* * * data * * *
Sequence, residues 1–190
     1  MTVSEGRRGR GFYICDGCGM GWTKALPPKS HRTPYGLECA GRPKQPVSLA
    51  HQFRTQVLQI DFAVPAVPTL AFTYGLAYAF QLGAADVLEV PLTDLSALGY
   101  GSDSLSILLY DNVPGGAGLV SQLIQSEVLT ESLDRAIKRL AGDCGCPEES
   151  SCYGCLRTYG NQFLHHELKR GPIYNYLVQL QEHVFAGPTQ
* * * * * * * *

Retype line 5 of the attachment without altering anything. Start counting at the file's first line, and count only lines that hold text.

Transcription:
   151  SCYGCLRTYG NQFLHHELKR GPIYNYLVQL QEHVFAGPTQ